Abraham Seidenberg studied at the University of Maryland and was awarded his B.A. in 1937. His doctoral studies in algebra were at Johns Hopkins University where his research was supervised by Oscar Zariski. After submitting his Ph.D. thesis Valuation Ideals in Rings of Polynomials in Two Variables he was awarded his doctorate in 1943. In 1945 Seidenberg was appointed as an instructor in mathematics at the University of California at Berkeley. He was promoted rapidly and in 1958 reached the rank of full professor. He retired in 1987 and was made Professor, Emeritus at that time.
Seidenberg married the writer Ebe Cagli. She was born in Ancona, Italy, on 23 February 1915 into a family of Jewish origins. She left Italy with the other members of her family in 1938 after racial persecution and they emigrated to the United States. After a stay in New York she married Seidenberg. Ebe was the author of novels on the exile of the Jews during Fascism. Her brother Corrado Cagli was famed as a painter. Seidenberg and his wife frequently visited Italy. He held a Visiting Professorship at the University of Milan and he gave several series of lectures there. In fact he was in Milan in the middle of giving a lecture series at the time of his death. Ebe Seidenberg died in a clinic in Rome at the age of 87.
M A Rosenlicht, G P Hochschild, and P Lieber in an obituary, describe other features of their colleague Seidenberg's career at Berkeley:-
His career included a Guggenheim Fellowship [awarded 1953], visiting Professorships at Harvard and at the University of Milan, and numerous invited addresses, including several series of lectures at the University of Milan, the National University of Mexico, and at the Accademia dei Lincei in Rome. At the time of his death, he was in the midst of another series of lectures at the University of Milan.Seidenberg contributed important research to commutative algebra, algebraic geometry, differential algebra, and the history of mathematics. In 1945 he published Valuation ideals in polynomial rings which included results from his doctoral thesis. In the following year he published Prime ideals and integral dependence written jointly with I S Cohen which greatly simplified the existing proofs of the going-up and going-down theorems of ideal theory. An example of one of his papers on algebraic geometry is The hyperplane sections of normal varieties (1950) which has proved fundamental in later advances. He also wrote a book Elements of the theory of algebraic curves (1968). W E Fulton, in a review, describes it as:-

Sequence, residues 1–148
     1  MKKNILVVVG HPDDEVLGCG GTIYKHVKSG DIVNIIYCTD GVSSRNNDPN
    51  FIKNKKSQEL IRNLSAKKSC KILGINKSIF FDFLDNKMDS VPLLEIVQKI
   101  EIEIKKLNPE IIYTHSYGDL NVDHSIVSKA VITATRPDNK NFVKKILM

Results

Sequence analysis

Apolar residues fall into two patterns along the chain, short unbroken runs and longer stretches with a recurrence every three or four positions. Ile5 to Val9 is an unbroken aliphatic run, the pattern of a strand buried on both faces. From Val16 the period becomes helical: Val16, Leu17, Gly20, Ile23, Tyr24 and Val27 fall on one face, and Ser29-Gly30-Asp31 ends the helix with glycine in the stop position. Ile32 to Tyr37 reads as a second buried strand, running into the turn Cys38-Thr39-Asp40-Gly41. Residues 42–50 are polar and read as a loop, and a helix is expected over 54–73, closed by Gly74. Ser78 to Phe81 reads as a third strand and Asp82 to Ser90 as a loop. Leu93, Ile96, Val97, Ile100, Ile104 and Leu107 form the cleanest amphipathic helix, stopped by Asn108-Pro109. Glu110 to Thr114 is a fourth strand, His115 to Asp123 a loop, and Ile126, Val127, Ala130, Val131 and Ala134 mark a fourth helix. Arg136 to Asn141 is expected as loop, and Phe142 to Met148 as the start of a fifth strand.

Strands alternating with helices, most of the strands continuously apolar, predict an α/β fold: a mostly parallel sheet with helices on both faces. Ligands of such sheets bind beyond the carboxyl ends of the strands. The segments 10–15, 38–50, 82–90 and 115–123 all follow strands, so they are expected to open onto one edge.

... a well-written text on the theory of algebraic curves. ... [T]he leisurely style, with plenty of motivational discussion, makes it especially useful for an introduction to the subject. Concepts such as plane curve, intersection multiplicity, branch, genus, and linear series are introduced in a concrete, computational way; the necessary abstract algebra is kept in a secondary position whenever possible. Novel features are a chapter on ground fields of positive characteristic and one on "infinitely near points".Seidenberg's papers on differential algebra include Some basic theorems in differential algebra (characteristic p, arbitrary) (1952) and Some basic theorems in partial differential algebra (1958). Kolchin writes the following in a review of this paper:-